Thursday, February 15, 2007

 

Local media sinks to another low

The observation that local television news has denegrated has been repeated so often that it's become trite -- but until now, this is said in reference to the content, not the delivery. It shouldn't be that hard to match the correct video to stories, launch the cheesy computer graphics at the right moments, and fade to the commercials, right?

I guess it is one of those things that looks easy as long as you have someone doing it right -- and when the engineers keep getting it wrong, you realize that maybe paying top dollar for these technicians is a smart thing to do.

I don't know what the standards are in any other city except Portland, but tonight's 11:00 news on KGW hit a new low in technical incompetence. First, the wrong video was matched to one of the lead stories: the story was about potential flooding in Stevenson, Washington, and a clip about a notorious credit fraud case was shown instead, and ran for almost a minute before someone was able to cut back to the anchor desk. The intended clip was at last shown, but without an apology of -- or an acknowledgment of -- the goof. The next story went normally, until an computer graphic started to take over the screen. The engineers managed to get control of the feed back to finish the story, only to have that same graphic return, and force the station to go to back for a minute or two. (Yvette, who was out of the room and couldn't see the television, asked if I had turned it off.)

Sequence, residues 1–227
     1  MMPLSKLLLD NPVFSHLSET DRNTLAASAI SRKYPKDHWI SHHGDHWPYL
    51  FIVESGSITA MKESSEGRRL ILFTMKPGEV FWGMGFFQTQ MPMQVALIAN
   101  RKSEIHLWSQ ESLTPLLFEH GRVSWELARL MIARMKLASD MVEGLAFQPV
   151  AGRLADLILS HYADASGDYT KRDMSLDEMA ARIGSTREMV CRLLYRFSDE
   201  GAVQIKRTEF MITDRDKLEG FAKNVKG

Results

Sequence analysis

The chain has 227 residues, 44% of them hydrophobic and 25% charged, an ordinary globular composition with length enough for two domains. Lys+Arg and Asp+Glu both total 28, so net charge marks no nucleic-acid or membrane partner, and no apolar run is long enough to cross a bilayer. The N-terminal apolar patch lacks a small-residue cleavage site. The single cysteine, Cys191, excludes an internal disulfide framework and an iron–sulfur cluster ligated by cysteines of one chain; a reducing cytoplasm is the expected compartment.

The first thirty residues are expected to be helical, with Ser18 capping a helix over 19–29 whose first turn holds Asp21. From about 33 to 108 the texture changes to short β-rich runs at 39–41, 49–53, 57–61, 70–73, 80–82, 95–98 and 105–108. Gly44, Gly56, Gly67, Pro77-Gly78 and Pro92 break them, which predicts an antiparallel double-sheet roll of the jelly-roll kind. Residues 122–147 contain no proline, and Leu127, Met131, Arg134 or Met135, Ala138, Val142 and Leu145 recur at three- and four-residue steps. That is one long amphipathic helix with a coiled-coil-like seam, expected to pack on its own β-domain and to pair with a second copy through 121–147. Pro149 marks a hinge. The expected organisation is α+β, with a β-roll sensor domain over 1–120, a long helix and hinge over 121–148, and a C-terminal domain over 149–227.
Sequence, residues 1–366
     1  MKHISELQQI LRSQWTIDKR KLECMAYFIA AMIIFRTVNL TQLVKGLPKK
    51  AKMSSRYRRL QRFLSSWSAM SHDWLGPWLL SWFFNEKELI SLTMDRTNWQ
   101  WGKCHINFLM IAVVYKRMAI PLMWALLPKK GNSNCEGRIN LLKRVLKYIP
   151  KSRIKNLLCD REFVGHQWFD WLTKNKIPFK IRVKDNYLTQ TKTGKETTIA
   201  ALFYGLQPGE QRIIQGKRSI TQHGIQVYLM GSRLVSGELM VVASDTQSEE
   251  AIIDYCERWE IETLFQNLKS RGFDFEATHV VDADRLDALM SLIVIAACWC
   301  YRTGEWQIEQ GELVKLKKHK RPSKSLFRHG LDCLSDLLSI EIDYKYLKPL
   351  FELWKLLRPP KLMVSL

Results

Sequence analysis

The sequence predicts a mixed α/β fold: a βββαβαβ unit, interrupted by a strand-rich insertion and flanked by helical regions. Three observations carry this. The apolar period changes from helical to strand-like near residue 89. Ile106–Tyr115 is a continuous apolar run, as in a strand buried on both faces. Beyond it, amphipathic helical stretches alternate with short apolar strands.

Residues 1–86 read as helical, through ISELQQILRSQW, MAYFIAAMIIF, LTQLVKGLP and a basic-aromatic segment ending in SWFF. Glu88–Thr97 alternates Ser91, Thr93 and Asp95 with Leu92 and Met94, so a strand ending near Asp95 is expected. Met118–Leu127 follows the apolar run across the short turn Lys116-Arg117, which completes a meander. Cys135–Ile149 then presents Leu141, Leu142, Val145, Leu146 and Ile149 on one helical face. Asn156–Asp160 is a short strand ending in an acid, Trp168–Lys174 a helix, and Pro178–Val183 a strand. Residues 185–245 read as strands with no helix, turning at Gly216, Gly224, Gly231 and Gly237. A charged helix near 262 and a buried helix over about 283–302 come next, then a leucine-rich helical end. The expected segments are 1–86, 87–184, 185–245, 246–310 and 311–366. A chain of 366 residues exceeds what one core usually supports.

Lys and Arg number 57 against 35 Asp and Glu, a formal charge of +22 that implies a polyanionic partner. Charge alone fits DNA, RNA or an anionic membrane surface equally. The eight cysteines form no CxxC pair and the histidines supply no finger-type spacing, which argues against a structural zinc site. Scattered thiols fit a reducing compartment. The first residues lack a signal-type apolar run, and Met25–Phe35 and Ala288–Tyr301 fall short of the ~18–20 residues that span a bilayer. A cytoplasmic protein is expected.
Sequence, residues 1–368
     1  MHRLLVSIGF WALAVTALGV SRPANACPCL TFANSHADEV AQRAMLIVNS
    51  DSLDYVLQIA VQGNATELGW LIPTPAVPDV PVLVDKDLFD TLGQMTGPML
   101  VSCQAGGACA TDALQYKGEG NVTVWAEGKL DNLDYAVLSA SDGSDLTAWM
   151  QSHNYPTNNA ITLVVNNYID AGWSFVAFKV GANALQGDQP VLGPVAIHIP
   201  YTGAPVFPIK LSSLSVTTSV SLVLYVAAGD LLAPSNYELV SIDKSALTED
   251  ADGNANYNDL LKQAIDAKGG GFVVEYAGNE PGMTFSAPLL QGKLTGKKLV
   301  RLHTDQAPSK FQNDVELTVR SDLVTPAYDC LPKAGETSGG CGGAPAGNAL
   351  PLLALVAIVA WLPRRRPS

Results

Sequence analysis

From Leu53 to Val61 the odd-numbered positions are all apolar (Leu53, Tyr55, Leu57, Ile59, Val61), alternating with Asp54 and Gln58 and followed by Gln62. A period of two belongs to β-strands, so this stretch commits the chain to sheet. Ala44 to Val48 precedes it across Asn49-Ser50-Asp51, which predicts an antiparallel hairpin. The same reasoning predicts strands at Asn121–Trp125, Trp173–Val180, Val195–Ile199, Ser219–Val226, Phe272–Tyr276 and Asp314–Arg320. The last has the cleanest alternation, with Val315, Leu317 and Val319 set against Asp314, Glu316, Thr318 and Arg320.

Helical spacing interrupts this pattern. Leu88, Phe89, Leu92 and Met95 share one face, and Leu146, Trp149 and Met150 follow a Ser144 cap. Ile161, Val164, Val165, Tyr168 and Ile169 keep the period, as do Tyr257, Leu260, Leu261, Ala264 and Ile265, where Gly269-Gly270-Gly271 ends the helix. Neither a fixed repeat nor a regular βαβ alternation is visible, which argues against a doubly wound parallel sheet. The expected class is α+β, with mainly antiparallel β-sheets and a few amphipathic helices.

There have always been goofs in producing news shows, usually in late summer when the newer staff is given a chance to get hands-on experience because no one is watching; otherwise, one goof every three months seems to have been the norm. However, since early last fall I can't help but think that these goofs happen at least once every week. I don't know why this is, but I have some guesses:


Geoff

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